Middle school students gathered around the table, counting down to see if the tower, made entirely of index cards and masking tape would hold an “antenna array” made of an index card and binder clips, for 10 seconds.
The challenge was the first of many for the new “Engineering Challenge” after-school program at Sinagua Middle School, which is participating in a pilot program for an after-school engineering and science curriculum.
The group was open to students of any grade level at Sinagua, and students had the choice of two topics to study throughout the eight-week program. Students could pick “Engineering Greywater Systems” or “Engineering Remote Sensing Devices.”
Jillian Worssam, a science teacher at SMS, coordinated bringing the project to the school through networking with the local STEM (Science, Technology, Engineering and Math) community in Flagstaff. The project is funded by a grant given to the Center for Science Teaching and Learning at Northern Arizona University. The program is being developed by the Museum of Science in Boston and the USGS and will be revised based on feedback from Worssam, SMS teacher Ashley Esparza and independent observers.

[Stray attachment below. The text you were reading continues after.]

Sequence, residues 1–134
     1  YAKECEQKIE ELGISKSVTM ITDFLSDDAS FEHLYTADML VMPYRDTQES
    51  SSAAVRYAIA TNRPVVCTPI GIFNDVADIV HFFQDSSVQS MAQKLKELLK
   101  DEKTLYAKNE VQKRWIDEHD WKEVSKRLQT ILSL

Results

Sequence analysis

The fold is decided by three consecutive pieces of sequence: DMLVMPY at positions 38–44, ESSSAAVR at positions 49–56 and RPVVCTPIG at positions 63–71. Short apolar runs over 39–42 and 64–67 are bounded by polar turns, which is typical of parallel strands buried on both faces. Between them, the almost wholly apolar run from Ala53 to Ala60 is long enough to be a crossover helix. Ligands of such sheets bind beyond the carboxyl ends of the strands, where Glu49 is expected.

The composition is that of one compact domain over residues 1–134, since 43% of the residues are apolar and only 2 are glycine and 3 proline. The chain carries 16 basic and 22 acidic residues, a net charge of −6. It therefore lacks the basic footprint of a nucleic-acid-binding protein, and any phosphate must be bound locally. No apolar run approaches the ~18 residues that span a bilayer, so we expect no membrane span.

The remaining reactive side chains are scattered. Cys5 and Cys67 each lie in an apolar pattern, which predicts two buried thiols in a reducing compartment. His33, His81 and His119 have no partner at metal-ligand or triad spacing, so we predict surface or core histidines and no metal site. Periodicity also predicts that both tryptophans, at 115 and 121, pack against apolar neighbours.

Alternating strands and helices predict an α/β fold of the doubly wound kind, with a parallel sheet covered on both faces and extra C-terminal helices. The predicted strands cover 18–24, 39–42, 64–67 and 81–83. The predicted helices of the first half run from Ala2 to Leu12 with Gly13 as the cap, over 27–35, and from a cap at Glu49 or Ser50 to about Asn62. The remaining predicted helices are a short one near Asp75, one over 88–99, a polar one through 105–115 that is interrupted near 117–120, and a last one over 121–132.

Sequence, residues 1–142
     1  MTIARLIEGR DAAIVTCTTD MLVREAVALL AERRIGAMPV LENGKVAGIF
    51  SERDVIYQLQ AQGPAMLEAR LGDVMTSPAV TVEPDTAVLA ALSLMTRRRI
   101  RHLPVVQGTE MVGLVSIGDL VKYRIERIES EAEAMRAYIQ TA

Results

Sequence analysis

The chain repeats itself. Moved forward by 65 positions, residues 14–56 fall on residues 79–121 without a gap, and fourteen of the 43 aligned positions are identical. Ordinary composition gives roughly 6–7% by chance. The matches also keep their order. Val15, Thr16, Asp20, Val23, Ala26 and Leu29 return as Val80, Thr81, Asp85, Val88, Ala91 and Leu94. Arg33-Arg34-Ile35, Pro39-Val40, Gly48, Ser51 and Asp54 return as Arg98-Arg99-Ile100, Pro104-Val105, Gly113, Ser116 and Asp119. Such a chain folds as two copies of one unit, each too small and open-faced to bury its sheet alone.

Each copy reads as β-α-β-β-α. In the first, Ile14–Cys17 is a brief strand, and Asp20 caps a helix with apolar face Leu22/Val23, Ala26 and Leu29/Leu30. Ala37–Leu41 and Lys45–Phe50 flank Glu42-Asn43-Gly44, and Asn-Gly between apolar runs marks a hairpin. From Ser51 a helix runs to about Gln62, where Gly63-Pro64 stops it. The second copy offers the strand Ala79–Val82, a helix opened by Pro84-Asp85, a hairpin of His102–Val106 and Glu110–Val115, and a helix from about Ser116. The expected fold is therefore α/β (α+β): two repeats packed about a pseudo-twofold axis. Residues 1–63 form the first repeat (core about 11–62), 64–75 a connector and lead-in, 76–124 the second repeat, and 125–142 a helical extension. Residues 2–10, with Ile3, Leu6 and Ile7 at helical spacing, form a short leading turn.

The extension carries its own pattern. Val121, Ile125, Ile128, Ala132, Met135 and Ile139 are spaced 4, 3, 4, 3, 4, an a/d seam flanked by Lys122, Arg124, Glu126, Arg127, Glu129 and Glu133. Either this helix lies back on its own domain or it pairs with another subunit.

“This is remote sensing, it’s amazing technology, and it was designed here in Flagstaff,” Worssam said.
While building the tower was the group’s first project of the year, Worssam said subsequent weeks will focus more heavily on remote sensing.
“We want to encourage the engineering design process as a way of thinking,” Worssam said. “They need to use their critical thinking skills and their problem solving skills.”
Projects designated for later in the year include creating secret messages that can only be revealed with colored cellophane glasses the students will make and making a periscope using mirrors.
The group studying greywater will measure contaminants in water before and after it has been through a filtration system, examining uses for recycled water and create a system for purifying water that could be used on the space station.
About 50 students in the three middle school grades are participating in the challenge, which will last for eight weeks.
STEM City coordinator Mindy Bell serves as one of the independent observers to critique the curriculum, and she said she plans to assess the teachers’ needs throughout the pilot program, as well as aid in professional development for teachers interested in participating in the program.
Bell said the program is the first time science and engineering will be deliberately merged into the middle school curriculum for after-school programs, and the goal of the pilot is to see what educators need to encourage their students outside of class time to continue their interest in science and engineering.
As for the tower project, all five of the towers were able to hold the antenna for the requirement of 10 seconds, prompting high fives and pride from the students.